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After 8 weeks, small mistakes make for major delays in Pandemic Unemployment Assistance payments

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Posted at 8:21 PM, May 04, 2020
and last updated 2020-05-04 21:21:38-04

NASHVILLE, Tenn. (WTVF) — For some, Monday marked eight weeks without any unemployment assistance dating back to just after the March 3 tornado.

Chris Weaver is a self-employed photographer who says it was shortly after the tornado when he applied for unemployment benefits. This was before COVID-19 gripped the state and the country, so there was no mention of it on the Jobs4TN application.

While applying, Weaver says he was asked if he had been impacted by tornado damage and he replied yes. At the time, Weaver felt it was the only way to get any traction on the claim, having had all his clients cancel on their contracts.

Chris Weaver is a self-employed photographer who says it was shortly after the tornado when he applied for unemployment benefits. This was before COVID-19 gripped the state and the country, so there was no mention of it on the Jobs4TN application.

As many as six weeks go by and still no payments. By then, Weaver became a regular on the Facebook group, Tennessee Unemployment Nightmares. A group he fondly refers to as “the orphans.”

“There’s 1,800 people on there now. Last week it was 893. We need to have some one directly assist all those people that are in severe pain. I guarantee you there are a lot more people in worse shape than I am,” said Weaver.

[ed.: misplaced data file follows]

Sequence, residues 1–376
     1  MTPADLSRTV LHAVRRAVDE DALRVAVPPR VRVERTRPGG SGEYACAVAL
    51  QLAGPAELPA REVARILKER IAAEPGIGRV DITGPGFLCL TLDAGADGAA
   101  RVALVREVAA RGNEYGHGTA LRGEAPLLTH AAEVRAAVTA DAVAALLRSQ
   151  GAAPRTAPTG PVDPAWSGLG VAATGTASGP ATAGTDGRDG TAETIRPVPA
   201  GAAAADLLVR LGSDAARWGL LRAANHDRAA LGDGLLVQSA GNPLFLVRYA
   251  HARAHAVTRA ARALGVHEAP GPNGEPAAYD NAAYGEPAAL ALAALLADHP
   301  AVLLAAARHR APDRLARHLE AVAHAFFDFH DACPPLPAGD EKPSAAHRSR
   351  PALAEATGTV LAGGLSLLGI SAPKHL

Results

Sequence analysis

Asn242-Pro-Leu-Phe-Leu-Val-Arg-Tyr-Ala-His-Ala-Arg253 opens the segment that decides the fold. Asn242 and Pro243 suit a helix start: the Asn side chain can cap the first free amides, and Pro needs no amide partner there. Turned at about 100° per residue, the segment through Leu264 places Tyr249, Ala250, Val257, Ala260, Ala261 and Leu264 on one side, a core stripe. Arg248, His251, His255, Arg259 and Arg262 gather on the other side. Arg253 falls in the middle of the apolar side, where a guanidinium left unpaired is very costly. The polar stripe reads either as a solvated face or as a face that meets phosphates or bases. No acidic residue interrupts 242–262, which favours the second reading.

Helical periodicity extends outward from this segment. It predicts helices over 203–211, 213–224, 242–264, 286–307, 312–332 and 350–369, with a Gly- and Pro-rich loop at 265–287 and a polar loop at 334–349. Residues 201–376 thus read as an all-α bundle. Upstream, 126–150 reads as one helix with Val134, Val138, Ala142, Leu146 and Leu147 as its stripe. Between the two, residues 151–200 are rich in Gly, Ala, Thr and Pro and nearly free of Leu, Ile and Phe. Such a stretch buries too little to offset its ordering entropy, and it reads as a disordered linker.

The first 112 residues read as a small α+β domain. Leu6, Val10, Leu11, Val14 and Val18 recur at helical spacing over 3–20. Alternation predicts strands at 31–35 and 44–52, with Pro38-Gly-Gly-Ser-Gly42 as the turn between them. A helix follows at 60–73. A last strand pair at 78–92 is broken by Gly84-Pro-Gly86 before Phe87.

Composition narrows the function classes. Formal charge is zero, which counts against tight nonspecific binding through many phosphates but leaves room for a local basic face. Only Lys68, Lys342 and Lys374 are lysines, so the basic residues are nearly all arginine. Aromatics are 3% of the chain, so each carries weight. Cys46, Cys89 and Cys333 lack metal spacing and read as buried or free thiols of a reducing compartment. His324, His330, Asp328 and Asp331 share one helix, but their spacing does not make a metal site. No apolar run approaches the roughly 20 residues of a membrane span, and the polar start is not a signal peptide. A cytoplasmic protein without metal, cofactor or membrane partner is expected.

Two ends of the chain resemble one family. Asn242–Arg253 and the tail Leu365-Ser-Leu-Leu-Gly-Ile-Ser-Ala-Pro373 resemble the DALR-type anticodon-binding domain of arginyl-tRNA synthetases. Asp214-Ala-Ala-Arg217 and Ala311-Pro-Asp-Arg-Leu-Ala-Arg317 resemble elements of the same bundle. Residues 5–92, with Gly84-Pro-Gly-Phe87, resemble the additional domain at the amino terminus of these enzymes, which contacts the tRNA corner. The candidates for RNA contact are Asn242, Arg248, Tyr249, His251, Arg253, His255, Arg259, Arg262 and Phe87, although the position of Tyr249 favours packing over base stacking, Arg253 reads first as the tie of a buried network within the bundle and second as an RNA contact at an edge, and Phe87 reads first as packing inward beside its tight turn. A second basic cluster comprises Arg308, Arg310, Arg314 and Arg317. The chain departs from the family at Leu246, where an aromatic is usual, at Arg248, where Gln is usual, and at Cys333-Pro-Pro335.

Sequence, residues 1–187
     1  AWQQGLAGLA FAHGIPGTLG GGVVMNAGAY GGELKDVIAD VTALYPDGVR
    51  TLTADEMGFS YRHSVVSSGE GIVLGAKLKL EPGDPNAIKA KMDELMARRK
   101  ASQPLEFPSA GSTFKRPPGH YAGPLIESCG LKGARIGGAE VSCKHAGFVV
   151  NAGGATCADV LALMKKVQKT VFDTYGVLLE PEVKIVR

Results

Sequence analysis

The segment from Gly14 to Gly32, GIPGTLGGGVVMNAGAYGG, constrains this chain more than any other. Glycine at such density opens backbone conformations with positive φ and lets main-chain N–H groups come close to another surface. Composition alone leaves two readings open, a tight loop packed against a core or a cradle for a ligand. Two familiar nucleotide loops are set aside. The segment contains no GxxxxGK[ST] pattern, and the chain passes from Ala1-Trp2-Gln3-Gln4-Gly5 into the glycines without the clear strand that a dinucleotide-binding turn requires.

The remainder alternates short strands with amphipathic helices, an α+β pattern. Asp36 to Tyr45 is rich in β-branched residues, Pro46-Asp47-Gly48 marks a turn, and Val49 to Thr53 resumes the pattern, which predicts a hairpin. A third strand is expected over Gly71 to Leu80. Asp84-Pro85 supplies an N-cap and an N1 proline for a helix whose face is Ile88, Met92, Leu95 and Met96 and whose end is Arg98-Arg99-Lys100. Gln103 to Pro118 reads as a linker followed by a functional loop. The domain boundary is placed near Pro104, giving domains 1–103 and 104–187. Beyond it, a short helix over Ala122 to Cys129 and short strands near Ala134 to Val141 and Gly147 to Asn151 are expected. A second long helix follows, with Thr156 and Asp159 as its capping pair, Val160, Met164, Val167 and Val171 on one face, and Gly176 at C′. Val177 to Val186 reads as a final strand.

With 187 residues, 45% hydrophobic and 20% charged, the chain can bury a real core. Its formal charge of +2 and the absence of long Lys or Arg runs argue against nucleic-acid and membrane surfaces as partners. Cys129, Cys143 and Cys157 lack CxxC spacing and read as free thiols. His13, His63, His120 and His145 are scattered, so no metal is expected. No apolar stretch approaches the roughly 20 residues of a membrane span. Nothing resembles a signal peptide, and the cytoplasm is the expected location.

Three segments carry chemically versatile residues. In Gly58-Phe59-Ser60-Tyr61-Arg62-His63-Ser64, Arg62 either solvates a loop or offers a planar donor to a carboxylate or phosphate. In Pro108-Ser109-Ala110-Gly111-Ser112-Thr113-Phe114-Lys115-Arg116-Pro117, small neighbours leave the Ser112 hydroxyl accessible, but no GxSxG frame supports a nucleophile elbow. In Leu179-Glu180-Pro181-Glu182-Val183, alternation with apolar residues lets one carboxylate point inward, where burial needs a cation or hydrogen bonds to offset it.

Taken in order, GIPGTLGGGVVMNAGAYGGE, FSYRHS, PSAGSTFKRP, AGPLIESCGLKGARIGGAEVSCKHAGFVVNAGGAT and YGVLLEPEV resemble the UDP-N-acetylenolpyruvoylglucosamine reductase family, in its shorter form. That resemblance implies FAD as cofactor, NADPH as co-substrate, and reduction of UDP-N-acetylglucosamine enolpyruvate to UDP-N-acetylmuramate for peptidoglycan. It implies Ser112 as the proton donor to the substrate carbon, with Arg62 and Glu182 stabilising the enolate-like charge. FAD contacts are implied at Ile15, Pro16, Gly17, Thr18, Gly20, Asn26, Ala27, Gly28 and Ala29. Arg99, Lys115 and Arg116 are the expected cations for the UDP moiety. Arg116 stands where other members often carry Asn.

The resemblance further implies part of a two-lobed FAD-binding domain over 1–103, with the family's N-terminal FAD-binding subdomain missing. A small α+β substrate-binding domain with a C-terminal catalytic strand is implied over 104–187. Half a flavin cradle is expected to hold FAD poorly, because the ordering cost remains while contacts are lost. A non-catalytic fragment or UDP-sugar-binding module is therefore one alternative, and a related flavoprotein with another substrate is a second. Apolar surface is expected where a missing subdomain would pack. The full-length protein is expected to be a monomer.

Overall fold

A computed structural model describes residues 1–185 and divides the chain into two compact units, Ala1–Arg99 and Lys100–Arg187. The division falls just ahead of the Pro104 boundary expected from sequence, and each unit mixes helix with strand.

On the page, people share their stories and updates on navigating the unemployment process in hopes that someone else could benefit from their experience.

Up until this afternoon, Weaver was like many others who only had a transcript of their certification records to show for all the hours of calls and emails. Shortly after speaking with NewsChannel 5, Weaver checked the status of his claim again, to find the records of his certification had been wiped.

The panic was followed shortly by relief, as only 15 minutes later Weaver would hear from the Chris Cannon and the Tennessee Dept. of Labor and Workforce Development.

We contacted Cannon earlier in the day for some clarity on the issue and as he explains, it all came back to when Weaver first applied.

Weaver had checked the box marked for Disaster Unemployment Assistance and only just recently checked the box for Pandemic Unemployment Assistance. Weaver says it was just over a week ago when he discovered the PUA check box in his application, to which he checked yes.

Weaver never thought there was an issue with his claim, since at the time of his applying, PUA wasn’t even an option.

DUA provides temporary benefits to workers or self-employed people whose livelihood was lost or interrupted as a direct result of a major disaster and do not meet eligibility requirements for regular unemployment.

The money for the DUA comes from the U.S. Department of Labor.

Other requirements include having one week of unemployment directly following the date of the disaster.

By Weaver selecting both options, his claim was put on hold for further review. Cannon explains that as of Monday evening, the claim has been manually moved to the PUA pool where “it will be set for payment tonight.”

Below is a statement from Cannon and the Tennessee Dept. of Labor and Workforce Development.

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